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Every week, the Economics Group of King's Business School organises research seminars in economics. Bi-weekly the seminars are organised together with the Department of Political Economy and International Development. These seminars will take place on Wednesdays from 12.00 - 1.30 pm in Bush House, room (South) 3.01.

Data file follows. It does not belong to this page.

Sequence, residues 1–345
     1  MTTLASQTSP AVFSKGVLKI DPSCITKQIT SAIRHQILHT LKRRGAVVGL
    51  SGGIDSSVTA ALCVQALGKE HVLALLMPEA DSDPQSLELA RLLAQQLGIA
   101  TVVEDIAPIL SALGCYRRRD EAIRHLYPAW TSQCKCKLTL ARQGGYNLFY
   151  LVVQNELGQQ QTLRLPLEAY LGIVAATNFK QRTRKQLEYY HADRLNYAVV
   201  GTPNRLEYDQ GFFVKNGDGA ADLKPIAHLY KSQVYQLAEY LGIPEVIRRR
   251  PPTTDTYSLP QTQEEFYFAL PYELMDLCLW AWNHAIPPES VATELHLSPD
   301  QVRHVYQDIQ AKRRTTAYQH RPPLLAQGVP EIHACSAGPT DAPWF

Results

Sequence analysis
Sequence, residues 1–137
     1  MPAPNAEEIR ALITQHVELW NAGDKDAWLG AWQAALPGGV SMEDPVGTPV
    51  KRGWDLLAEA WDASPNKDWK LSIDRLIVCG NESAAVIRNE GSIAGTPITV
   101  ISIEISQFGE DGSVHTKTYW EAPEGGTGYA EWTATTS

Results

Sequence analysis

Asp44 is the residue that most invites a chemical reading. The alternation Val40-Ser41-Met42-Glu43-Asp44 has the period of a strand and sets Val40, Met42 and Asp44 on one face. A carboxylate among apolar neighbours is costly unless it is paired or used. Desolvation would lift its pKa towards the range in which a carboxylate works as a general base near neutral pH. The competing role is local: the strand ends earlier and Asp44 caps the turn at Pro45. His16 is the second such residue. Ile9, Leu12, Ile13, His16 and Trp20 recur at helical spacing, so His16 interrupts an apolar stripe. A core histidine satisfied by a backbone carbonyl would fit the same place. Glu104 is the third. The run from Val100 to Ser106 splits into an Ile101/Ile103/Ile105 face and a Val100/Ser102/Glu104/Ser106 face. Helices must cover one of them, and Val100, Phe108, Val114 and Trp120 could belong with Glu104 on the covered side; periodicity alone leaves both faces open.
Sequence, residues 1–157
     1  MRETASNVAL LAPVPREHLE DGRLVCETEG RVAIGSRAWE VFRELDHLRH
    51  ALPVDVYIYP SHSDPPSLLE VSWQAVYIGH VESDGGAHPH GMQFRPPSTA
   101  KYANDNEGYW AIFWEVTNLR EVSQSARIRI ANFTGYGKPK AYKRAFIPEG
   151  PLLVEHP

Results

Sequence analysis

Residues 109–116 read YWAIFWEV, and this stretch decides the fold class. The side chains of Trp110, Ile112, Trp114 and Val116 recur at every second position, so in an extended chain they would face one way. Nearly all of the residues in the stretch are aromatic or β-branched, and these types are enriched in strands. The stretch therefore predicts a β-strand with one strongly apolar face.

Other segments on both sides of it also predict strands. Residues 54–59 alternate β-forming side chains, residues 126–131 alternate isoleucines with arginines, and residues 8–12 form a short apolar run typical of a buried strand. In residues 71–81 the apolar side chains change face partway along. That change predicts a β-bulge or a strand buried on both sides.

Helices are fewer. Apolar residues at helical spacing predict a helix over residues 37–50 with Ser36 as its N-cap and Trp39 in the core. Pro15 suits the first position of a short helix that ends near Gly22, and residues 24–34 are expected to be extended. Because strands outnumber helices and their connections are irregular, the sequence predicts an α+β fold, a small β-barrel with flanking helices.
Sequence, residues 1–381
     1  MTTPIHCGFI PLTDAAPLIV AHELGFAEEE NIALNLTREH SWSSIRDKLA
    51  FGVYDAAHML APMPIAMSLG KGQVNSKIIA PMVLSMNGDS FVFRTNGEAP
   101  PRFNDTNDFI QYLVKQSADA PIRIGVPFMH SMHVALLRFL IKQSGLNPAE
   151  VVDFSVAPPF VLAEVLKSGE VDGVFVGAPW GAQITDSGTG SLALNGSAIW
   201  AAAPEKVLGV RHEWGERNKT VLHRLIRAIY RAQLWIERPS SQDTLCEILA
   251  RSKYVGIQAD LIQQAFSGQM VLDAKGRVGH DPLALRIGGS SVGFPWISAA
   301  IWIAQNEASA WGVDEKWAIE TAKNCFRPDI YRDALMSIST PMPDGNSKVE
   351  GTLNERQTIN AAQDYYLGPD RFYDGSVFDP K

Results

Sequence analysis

The paper I will present examines the role of, (a) the precautionary demand for liquidity and (b) the interest on reserves, as two potential determinants of the deposits channel that can help explain the role of monetary policy, particularly at the lower zero-bound. (a) I show that at high levels of precautionary liquidity hoarding the optimal policy response of a Taylor rule is to place a zero weight on inflation. This result is explained by the effect that the demand for liquidity has on the deposit rate which determines the intertemporal choices of households. A higher demand for precautionary liquidity raises the deposit rate and controls the Euler equation, thus substituting for the effects of the policy rate (i.e. a Taylor rule). (b) Similarly, through its effect on the deposits channel the interest on reserves is shown to act as a single tool of monetary policy, that is capable of providing higher welfare gains in relation to a simple Taylor rule. This result is shown to hold at the zero-bound and it is independent of the precautionary demand for liquidity, or properties of the fiscal theory of the price level.
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